What was your favorite show to work on as a performer? As a director?


There are a few favorites. I would say the most challenging and favorite was Sunset Boulevard. Norma is a complicated soul and there are so many different ways to approach her. I learned a lot about myself with that show. As a director, I would have to say Carousel. It is one of my favorite shows and I directed it about seven years ago in Oklahoma. It was just a special, special cast and crew. 


How did you become part of the Shuffles team?


Dalton was in an Off-Broadway Show with Emma Kantor and Gail Kantor told us about Shuffles. Shuffles was about to have auditions for Peter Pantomime and I took him to the audition and he was cast as Tiger. Chris and I met Gail and Buddy during the process and we realized we had so many of the same friends in the business. Mostly from our relationships living in Texas and Oklahoma. We shared about our time at the Academy in Oklahoma and she offered me a Music Theatre class and to be a Private Voice Teacher. I was thrilled and grateful!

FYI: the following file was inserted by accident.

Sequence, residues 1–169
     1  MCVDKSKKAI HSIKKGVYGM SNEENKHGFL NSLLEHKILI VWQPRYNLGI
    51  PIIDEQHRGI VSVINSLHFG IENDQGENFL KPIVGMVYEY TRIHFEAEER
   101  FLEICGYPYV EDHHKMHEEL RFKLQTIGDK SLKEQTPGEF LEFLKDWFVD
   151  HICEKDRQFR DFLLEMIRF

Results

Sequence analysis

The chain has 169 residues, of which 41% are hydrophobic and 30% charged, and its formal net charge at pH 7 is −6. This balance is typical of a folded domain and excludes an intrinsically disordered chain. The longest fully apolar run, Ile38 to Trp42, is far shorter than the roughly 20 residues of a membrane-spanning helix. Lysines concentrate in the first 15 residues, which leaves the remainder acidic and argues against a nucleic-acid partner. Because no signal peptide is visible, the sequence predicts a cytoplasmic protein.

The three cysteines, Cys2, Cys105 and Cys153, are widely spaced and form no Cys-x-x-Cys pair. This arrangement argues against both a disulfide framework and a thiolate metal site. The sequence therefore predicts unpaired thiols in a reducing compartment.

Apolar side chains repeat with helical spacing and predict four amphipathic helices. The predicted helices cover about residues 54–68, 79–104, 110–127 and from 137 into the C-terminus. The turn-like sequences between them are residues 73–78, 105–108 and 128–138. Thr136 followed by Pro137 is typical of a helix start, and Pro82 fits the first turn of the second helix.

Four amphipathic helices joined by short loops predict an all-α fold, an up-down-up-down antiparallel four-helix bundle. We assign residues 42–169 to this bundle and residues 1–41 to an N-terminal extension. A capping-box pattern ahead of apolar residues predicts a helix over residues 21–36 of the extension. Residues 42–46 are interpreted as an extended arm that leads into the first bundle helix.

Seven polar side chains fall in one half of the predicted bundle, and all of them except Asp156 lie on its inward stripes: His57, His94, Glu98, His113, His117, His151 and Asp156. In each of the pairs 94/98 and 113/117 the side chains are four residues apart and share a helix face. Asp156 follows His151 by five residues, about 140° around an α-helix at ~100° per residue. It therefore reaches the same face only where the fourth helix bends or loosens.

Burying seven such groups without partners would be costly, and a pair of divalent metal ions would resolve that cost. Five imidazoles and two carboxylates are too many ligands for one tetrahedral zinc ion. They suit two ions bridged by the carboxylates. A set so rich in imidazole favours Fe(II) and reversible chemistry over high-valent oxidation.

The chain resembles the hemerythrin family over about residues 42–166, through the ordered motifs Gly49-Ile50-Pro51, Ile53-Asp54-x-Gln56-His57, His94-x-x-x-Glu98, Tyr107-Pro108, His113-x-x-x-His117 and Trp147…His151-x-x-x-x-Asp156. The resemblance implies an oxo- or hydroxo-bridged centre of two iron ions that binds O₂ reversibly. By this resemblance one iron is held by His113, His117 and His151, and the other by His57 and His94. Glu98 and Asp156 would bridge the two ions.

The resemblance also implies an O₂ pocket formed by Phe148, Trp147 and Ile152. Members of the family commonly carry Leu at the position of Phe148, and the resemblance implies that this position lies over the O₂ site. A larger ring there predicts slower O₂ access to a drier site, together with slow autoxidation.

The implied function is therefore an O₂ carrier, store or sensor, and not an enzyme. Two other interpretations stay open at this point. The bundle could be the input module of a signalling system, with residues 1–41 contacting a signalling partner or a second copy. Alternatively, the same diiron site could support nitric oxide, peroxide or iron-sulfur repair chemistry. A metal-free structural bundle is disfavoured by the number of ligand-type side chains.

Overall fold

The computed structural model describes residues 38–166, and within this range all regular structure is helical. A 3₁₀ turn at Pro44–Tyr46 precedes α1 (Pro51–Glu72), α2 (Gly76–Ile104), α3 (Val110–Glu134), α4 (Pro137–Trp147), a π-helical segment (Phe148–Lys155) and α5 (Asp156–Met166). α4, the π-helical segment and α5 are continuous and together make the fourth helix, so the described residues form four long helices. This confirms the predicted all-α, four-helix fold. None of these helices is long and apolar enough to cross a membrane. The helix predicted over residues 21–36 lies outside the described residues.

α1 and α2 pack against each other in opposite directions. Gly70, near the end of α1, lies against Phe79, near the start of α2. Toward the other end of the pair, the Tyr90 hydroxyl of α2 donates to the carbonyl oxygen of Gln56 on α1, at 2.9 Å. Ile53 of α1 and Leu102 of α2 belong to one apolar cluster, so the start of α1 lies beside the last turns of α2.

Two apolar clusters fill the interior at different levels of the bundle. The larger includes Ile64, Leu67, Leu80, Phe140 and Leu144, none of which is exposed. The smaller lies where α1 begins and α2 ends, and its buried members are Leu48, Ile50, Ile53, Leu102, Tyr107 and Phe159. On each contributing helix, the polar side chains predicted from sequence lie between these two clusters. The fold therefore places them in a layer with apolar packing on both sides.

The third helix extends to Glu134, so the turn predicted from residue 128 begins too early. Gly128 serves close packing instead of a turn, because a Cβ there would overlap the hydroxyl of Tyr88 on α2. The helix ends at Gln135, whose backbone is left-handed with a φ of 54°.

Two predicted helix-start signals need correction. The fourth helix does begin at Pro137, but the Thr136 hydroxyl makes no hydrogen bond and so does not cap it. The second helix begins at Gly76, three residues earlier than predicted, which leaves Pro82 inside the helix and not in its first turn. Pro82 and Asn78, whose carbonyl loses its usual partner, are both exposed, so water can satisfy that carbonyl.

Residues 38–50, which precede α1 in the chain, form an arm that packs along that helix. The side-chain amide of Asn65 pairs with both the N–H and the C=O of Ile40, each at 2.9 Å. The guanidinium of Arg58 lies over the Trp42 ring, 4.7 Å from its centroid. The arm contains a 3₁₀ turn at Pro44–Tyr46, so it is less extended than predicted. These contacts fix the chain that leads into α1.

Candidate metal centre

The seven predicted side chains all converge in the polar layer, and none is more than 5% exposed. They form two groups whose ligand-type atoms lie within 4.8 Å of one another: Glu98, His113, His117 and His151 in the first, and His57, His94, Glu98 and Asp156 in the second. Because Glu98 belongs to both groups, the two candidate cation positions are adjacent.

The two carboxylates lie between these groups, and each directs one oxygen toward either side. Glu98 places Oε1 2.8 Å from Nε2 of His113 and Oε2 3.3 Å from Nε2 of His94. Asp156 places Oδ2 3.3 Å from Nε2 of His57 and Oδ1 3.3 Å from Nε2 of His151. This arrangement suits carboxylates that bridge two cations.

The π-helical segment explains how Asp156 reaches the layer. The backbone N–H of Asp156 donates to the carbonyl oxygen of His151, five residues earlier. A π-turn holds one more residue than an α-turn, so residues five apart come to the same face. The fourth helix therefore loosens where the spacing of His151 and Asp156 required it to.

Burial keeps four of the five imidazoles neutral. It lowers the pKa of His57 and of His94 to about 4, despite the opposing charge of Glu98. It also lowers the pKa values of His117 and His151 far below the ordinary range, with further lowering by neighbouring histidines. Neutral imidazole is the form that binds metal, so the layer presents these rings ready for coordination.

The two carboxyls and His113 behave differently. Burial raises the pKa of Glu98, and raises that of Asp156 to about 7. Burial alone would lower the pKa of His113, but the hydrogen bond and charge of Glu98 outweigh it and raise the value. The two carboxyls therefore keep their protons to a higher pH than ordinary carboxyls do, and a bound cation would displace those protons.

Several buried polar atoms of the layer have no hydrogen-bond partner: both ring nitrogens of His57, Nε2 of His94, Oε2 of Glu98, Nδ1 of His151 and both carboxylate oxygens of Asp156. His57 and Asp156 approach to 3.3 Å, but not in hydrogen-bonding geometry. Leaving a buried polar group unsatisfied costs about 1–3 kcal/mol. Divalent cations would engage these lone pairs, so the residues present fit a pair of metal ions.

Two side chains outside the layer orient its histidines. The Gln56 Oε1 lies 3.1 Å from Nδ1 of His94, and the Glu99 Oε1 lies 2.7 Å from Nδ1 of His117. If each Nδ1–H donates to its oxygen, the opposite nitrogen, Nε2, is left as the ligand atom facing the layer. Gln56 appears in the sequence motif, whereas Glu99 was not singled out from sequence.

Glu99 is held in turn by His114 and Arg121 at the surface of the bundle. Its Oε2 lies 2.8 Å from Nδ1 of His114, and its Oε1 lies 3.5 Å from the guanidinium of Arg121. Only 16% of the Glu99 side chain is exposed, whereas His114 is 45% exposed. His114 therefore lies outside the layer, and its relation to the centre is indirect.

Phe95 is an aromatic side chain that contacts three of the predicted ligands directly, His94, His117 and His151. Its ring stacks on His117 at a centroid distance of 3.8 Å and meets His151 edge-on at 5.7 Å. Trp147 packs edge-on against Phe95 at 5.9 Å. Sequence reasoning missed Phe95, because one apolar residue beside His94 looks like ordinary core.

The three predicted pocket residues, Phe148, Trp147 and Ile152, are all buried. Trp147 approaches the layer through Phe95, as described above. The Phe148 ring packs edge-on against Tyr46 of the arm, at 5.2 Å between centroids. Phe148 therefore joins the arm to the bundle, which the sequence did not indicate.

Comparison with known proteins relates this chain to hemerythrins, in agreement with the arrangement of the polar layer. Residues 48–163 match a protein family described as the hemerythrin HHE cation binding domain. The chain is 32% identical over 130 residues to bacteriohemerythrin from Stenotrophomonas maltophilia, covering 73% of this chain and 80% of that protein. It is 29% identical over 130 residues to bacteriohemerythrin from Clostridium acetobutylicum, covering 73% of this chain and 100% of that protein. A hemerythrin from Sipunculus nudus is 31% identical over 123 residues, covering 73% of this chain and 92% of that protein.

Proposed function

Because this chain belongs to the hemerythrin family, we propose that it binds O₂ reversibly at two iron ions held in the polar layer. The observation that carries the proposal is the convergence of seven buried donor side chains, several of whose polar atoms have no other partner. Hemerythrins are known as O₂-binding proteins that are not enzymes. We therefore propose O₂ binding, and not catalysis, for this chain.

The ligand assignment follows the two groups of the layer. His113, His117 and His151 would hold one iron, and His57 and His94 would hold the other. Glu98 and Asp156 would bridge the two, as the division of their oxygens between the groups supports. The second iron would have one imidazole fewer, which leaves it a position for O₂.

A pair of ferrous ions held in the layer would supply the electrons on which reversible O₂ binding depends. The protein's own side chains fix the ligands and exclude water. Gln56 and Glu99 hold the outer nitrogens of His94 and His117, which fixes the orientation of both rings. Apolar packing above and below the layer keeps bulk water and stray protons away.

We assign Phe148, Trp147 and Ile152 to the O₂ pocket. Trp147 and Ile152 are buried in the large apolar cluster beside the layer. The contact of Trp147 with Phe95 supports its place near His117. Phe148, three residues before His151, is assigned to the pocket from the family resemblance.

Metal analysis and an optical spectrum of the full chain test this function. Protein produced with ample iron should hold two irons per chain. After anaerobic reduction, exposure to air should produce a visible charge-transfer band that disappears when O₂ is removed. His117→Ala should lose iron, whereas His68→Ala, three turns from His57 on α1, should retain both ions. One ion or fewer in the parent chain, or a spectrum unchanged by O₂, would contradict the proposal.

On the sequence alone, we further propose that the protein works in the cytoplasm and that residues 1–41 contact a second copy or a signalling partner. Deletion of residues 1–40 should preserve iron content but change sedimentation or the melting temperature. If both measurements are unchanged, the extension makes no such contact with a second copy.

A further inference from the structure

If you could go back 20 years, what piece of advice would you give to Cyndi?


Be Fearless! Don't limit yourself to the "idea" of what success is. I should have done more regional theatre. I had the opportunity and I was afraid to leave the city (after two tours). I should have left, I could have made relationships with those people as well.  


Where do you hope to see yourself in 10 years?


I ask this question to all my College Prep Students. I have never asked this to my middle-aged self. Teaching, Directing, Acting. Enjoying Life. I love the ability to be creative...it is a gift. My greatest gift is my family. So, all that and being near my family. 


What do you think the biggest difference is in training today to when you were a child?


Dream Big was not a term we used in my day. Every sentence for creative types ended with "yes, but what is your back-up job?' Also, I was on the end of the term Triple-Threat..now we use Quadruple Threat (Thanks to the Brits & John Doyle...and yes they are my favorites). 


What is it like having two sons currently going through the journey you went through? How important is that balance of sharing your experiences with them while also allowing them to learn what you had to to learn yourself?